Build a Tribe

image from Sweden govt websiteGreat people don’t make a job change for money. Great people have to be enticed to talk to a great organization. How I overcome this is by arguing that my “tribe” is a better fit for them than their current tribe. My tribe is cooler, funner, more interesting, faster, more successful, and contains less management-by-spreadsheet than their company. Come jump ship and work with us. This is the difference between “sourcing as selling” and resume mining.

I chose the word tribe because it is a good, short noun for the idea that “birds of a feather flock together.” And top managers can be a destination. They have their own posse and peeps who follow them wherever they work. I know: I work for one. But even the most incredible managers eventually run out of people to call when rounding up the usual suspects. This is where I come in. I sell the manager and the team. I look at the group that I am headhunting for and try to find some common denominators.

  1. Get the existing team’s resumes. Use LinkedIn, resource managers, or go to their portal and search the bios. Look for common schools, themes, associations.
  2. Ask the manager where he found them. Who is his best hire? How did he find them?
  3. Take a look at the companies they worked for, and when. Is there a theme?

You figure out that Java developers in Europe like Twitter, W.O.W., Ruby games, and Stockholm. To get them to leave their company to come to yours, build your own tribe’s membership theme. To get a pitch, figure out what membership privileges are:

  • Ask the people who work for your “chief” why they worked at three companies for him.
  • Ask them what they like about the company.
  • Ask them how it was different than the company they came from.

You can build a message from this, like “we still have Peet’s coffee! We still have Thirsty Thursdays! Conference Calls longer than 17 minutes are forbidden!”

That is the message. Not “Java Consultant — EMEA.”

  • If they are doing the exact same thing, why would they leave one software company to come to another? To come back to a tribe like them.
  • Examples of common denominators might be, “worked in start-ups,” “went to MIT,” “plays W.O.W.” or “brags about Platinum status.”

Here is a thumbnail of my tribe:

Bay Area Software Company. Managers who are Java experts. Peet’s Coffee. Thirsty Thursdays. “It’s-It” ice cream bars. People from Cal and Stanford.

I get that tribe. It’s the tribe of the Bay Area software engineers.

If you have ever been a worker bee or a headhunter in the Bay Area, which I have during several waves (1990, 1999, 2009), you know that there are companies with handbooks containing phrases like, ‘Managers must wear shoes. Beer Me Fridays are mandatory, and don’t get Folgers or you’re fired.” They stock Peet’s coffee; everyone is a Stanford and Cal grad; and now, It’s It (a Bay Area ice cream bar with a cult following) is in the breakroom. These people swarm to the new “it” company and they don’t stick around when Folgers makes its debut.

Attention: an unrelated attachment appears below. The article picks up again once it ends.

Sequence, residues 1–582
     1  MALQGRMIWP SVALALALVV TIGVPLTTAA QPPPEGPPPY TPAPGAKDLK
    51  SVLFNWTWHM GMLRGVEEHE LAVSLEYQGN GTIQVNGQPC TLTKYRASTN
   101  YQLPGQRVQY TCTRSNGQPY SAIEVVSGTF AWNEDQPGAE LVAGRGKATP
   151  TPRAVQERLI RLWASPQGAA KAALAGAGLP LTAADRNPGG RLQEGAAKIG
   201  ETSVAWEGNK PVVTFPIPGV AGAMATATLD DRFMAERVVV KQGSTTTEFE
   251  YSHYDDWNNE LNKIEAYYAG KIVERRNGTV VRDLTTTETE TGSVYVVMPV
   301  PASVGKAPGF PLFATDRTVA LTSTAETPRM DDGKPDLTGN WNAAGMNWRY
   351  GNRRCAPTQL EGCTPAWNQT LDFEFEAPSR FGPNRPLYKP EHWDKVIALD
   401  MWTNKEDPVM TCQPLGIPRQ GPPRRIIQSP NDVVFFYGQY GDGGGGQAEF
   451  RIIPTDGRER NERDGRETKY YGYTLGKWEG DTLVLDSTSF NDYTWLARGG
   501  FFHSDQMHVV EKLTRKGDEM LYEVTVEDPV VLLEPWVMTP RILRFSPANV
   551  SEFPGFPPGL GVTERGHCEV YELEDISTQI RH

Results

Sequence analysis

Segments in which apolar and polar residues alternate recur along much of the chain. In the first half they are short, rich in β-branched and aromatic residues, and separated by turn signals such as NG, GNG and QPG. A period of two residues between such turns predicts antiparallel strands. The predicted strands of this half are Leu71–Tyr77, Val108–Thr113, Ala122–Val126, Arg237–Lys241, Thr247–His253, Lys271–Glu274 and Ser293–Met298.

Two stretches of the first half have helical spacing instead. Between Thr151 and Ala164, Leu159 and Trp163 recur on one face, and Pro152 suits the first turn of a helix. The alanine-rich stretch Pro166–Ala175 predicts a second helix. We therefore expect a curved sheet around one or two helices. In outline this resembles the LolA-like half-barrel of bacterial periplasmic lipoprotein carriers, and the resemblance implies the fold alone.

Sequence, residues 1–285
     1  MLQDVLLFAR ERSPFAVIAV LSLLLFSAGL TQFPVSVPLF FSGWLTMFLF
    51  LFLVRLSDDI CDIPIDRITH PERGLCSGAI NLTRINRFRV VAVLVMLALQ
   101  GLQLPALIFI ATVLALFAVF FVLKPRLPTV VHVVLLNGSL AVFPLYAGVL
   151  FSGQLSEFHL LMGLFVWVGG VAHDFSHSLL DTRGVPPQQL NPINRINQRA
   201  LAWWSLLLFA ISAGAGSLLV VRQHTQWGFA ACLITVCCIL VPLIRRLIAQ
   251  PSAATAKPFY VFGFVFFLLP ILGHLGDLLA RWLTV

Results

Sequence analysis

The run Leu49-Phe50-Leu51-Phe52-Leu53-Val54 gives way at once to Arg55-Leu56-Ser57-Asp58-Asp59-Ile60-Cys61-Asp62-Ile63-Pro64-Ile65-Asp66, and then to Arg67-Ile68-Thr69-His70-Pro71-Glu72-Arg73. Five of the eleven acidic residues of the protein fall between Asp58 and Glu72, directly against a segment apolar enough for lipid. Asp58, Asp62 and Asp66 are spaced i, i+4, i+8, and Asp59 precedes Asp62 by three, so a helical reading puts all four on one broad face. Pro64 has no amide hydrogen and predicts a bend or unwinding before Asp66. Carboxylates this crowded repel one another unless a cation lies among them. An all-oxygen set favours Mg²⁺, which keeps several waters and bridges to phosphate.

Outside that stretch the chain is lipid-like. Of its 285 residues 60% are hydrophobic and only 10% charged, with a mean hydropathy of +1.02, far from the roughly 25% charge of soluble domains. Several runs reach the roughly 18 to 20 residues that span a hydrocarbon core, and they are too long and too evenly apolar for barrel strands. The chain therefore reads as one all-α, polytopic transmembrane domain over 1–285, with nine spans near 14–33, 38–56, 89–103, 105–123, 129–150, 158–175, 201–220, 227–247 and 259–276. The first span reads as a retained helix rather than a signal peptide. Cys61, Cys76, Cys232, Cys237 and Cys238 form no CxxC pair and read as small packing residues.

Call them and/or connect with them on Twitter, LinkedIn groups, user’s group meetings, industry associations, however, whenever. I may even ask an Internet sourcer to find some profiles to add to the pile. I look at my Rolodex. I put the whole lot of them into one big pile and I begin to air out my message that “we want you eventually and this is why.”

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This is where the Tweetups come in. If I can get the manager/chief to ask the real qualifying questions that I mention above, it is not a stretch to get to the next piece. “If I find someone from Cal working at XYZ company, would you buy him a coffee in Stockholm?”

Or even better, “Tweet me before you go to Stockholm … and let’s find a place to meet … and if you have time, let’s send out a TweetUp to all of the Java developers in Stockholm who are following me on Twitter, and get them to meet you somewhere. We’ll Tweet that the first round of Guinness is on you at The Rusty Nail pub across the street from our client.”

That way I can put real live candidates who don’t have resumes in front of a real, live “chief” and without a lot of wasted time. Sounds expensive? Twenty five rounds of Guinness is a helluva lot cheaper than 35% of an annual package which the agencies are charging us, and you get to meet a real live person and do the puppy dog close.